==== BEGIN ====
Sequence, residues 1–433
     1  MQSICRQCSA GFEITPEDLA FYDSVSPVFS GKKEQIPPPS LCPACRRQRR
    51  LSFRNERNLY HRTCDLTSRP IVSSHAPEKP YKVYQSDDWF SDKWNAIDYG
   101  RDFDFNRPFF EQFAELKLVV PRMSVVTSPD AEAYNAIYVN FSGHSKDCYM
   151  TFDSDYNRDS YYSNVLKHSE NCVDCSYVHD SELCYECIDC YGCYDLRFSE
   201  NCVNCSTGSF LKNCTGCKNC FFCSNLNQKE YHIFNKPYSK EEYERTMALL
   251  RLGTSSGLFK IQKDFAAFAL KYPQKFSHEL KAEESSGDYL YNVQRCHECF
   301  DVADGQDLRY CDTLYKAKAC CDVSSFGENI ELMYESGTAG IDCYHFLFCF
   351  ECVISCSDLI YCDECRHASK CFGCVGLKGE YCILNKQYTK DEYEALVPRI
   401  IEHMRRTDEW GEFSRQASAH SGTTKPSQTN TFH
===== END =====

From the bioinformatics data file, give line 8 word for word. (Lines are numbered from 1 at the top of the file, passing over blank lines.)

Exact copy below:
   301  DVADGQDLRY CDTLYKAKAC CDVSSFGENI ELMYESGTAG IDCYHFLFCF